Diffusion tensor imaging of the cervical spinal cord of patients with Neuromyelitis Optica

Magn Reson Imaging. 2014 Jun;32(5):457-63. doi: 10.1016/j.mri.2014.01.023. Epub 2014 Feb 7.


Background: Previous studies have demonstrated a correlation between Expanded Disability Status Scale (EDSS) and Diffusion Tensor Imaging (DTI) metrics, but the conclusions were based on evaluations of the entire cervical spinal cord.

Objectives: The purpose of this study was to quantify the FA and MD values in the spinal cord of NMO patients, separating the lesion sites from the preserved sites, which has not been previously preformed. In addition, we attempted to identify a correlation with EDSS.

Methods: DTI was performed in 11 NMO patients and 11 healthy individuals using a 1.5-T MRI scanner. We measured the FA and MD at ROIs positioned along the cervical spinal cord. The mean values of FA and MD at lesion, preserved and spinal cord sites were compared with those of a control group. We tested the correlations between the mean FA and MD with EDSS.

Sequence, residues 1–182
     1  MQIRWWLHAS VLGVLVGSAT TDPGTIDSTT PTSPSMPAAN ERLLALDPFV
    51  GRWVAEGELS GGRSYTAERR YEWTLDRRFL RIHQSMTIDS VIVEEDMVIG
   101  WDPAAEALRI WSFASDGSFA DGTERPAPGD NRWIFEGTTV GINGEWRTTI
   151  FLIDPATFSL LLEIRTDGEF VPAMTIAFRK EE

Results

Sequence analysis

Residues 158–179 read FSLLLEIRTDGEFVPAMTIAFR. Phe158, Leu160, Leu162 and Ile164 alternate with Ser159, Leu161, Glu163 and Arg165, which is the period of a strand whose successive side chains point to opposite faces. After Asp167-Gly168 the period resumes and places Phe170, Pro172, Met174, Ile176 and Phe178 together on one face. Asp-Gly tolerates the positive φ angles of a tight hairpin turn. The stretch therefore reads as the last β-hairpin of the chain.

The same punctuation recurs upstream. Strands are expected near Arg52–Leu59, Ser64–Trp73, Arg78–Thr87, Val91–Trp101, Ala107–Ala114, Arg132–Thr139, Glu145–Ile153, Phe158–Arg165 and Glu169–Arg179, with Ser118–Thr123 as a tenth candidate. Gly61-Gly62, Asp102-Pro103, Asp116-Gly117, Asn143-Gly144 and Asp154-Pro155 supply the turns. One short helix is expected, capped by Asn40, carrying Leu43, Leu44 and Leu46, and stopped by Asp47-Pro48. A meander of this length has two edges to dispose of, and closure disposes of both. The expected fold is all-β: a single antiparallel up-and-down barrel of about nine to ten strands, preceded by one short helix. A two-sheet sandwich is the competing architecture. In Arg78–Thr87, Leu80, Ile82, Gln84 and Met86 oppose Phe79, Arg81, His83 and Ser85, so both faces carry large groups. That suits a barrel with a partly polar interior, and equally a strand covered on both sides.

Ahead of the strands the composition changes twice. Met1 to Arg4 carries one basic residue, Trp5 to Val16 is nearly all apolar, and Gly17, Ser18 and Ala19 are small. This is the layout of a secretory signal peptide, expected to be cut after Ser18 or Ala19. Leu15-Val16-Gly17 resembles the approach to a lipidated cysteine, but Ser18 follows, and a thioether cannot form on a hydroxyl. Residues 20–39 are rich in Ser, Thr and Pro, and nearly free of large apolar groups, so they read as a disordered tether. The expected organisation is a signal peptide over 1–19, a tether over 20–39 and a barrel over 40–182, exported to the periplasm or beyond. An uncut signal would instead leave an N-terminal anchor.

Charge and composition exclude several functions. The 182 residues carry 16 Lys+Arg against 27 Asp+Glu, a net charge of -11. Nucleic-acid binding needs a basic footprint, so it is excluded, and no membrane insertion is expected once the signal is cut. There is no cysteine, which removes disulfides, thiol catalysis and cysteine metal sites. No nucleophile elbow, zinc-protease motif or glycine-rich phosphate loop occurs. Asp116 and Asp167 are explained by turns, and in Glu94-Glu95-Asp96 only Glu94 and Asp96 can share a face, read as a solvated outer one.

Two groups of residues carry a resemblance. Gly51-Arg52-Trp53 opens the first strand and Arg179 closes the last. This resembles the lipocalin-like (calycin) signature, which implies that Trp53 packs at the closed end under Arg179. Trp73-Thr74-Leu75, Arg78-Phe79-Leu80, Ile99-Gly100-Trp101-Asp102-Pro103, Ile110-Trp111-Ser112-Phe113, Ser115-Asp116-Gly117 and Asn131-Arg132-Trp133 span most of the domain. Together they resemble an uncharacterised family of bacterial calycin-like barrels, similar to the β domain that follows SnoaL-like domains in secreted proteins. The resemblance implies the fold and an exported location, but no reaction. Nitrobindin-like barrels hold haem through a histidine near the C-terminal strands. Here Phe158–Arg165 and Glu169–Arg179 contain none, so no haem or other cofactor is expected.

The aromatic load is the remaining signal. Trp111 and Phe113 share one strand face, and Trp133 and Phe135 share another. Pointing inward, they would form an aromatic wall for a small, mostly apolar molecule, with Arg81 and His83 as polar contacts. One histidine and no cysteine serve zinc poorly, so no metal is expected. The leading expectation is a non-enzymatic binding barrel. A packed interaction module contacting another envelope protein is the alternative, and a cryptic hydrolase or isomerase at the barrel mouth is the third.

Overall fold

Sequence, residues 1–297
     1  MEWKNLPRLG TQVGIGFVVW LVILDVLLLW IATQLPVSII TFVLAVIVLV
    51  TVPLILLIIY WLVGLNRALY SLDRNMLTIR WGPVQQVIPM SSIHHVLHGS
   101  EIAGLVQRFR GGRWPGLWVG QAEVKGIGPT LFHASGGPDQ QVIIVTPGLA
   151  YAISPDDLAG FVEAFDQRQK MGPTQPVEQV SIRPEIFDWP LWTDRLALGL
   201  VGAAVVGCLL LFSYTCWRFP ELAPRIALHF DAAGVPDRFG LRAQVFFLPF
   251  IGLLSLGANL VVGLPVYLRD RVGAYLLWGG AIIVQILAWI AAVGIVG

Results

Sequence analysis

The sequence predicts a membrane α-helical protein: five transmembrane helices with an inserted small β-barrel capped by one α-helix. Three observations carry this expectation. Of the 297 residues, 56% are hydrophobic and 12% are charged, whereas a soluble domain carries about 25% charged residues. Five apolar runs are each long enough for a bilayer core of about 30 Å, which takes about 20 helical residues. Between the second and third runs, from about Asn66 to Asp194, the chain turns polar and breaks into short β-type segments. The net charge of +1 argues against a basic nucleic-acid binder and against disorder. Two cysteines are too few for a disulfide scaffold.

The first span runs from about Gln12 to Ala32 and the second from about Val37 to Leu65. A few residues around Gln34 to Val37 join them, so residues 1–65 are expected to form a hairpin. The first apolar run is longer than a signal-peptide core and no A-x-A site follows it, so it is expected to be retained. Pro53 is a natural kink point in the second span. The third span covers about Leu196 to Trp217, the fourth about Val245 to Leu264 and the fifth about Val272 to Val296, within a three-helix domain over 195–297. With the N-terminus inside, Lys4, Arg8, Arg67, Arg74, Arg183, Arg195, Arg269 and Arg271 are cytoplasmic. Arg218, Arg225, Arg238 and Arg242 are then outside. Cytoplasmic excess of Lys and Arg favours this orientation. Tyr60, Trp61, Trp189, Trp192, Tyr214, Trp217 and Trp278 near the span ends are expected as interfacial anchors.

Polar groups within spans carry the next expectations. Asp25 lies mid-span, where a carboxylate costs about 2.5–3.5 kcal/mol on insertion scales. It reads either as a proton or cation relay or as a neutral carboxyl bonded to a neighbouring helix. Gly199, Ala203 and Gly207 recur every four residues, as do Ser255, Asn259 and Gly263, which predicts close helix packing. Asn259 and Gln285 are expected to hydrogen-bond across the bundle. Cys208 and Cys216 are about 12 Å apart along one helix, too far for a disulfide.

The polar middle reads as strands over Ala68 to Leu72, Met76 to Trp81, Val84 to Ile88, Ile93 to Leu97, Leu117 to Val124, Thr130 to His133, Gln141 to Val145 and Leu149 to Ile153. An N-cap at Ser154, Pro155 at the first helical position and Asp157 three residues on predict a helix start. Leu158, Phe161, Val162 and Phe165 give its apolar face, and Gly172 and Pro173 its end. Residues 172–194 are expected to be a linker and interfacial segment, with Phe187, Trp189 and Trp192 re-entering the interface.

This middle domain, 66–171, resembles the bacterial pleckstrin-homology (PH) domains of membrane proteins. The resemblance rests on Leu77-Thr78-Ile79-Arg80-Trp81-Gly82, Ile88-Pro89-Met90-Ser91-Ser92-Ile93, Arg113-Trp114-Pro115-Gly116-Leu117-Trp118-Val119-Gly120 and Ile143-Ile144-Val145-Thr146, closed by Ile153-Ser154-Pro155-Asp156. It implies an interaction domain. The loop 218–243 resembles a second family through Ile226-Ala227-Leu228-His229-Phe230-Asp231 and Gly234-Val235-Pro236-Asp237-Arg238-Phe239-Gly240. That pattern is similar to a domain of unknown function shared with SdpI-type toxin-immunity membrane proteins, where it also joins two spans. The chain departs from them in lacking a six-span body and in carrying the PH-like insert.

Results: FA in NMO patients was significantly reduced in lesion sites (0.44 vs. 0.55, p=0.0046), preserved sites (0.46 vs. 0.55, p=0.0015), and all sites (0.45 vs 0.55, p=0.0013) while MD increased only in lesion sites (1.03×10(-3)mm(2)/s vs. 0.90×10(-3)mm(2)/s, p=0.009). The FA demonstrated the best correlation with EDSS (r=-0.7603, p=0.0086), particularly at lesion sites.

Conclusions: The results reinforce the importance of the FA index and confirm the hypothesis that NMO is a diffuse disease.

Keywords: Diffusion tensor imaging; Disability evaluation; Neuromyelitis optica; Spinal cord.

Publication types

  • Comparative Study
  • Research Support, Non-U.S. Gov't

MeSH terms

  • Adult
  • Aged
  • Algorithms*
  • Cervical Cord / pathology*
  • Diffusion Tensor Imaging / methods*
  • Female
  • Humans
  • Image Enhancement / methods
  • Image Interpretation, Computer-Assisted / methods*
  • Male
  • Middle Aged
  • Nerve Fibers, Myelinated / pathology*
  • Neuromyelitis Optica / pathology*
  • Reproducibility of Results
  • Sensitivity and Specificity